Sunday 17 December 2017
Cheek to Cheek (Adventures of L-Plate Gran)
Christmas preparations are underway at You must be mad's house. Little G and Small have helped to lug home a very big tree which looked a lot smaller in the market, and then helped decorate it. Small's contribution has been to pull off all the decorations within reach on the lower boughs, so the tree now has a rather lopsided look.
Little G keeps dropping hints about my present in a 'not-telling-you' sort of way, eg:
Little G: What is your favourite colour?
Little G: That's the colour of your present!
Meanwhile, Small is starting to push the boundaries, as those books on child-rearing put it. The pushing involves things like dropping food off his highchair/being told to stop/doing his sad 'lip' gesture/ then dropping more food .... slowly and deliberately .... while staring at you. He has also mastered the art of reaching out behind his back to touch something that he has been told not to touch. He is turning into a cheeky little monkey, as the books on child-rearing don't put it.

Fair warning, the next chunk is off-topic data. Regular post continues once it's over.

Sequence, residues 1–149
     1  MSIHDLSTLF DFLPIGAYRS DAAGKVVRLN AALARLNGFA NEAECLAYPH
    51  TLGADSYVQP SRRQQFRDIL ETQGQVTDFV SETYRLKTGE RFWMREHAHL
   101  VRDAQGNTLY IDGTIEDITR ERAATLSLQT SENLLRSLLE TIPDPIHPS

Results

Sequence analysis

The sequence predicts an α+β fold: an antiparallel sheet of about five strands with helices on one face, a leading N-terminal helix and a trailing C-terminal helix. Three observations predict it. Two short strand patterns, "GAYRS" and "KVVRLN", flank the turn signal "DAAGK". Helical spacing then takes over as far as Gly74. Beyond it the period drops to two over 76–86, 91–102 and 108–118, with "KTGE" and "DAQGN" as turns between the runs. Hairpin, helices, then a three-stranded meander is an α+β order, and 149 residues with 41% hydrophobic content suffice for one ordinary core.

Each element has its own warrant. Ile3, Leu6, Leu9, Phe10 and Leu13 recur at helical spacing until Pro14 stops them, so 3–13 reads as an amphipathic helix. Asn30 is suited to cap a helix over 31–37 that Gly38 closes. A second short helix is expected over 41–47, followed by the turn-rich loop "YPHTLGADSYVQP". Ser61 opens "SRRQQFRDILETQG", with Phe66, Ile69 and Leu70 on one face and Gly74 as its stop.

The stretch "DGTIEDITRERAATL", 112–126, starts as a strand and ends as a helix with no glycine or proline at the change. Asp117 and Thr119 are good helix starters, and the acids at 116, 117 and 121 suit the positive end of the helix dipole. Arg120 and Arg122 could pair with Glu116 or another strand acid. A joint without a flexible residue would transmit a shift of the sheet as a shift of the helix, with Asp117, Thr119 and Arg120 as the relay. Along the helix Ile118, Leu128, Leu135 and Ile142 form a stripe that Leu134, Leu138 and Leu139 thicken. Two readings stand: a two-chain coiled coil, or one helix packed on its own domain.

You must be mad and I are the discipline duo. We absolutely refuse to be defeated by an under-two on a wind-up mission. Small, on the other hand, clearly sees our reactions as part of the game. Neither of us have any experience in raising boys, and the sort of brisk telling-off that would reduce Little G to floods of tears, washes off Small like water off a seal. Frankly, my dear, he simply couldn't give a damn.
We are both hoping it is a phase. Like Little G's phase of ritual burping. She rarely does it now. Meanwhile we continue to admonish Small, and he continues to run rings round us. You can see him sizing us up behind his innocent 'what, me?' face, while L-Plate Grandad (Small's favourite person out of the two of us) tries not to laugh.
It's a battle, that's for sure. But we all love Small too much to let him win. On the plus side though, I am mentally stocking up on a lot of 'when you were very little' stories to use as embarrassing ammo when Small turns into a teenager. My day may not have arrived yet, but it will surely come.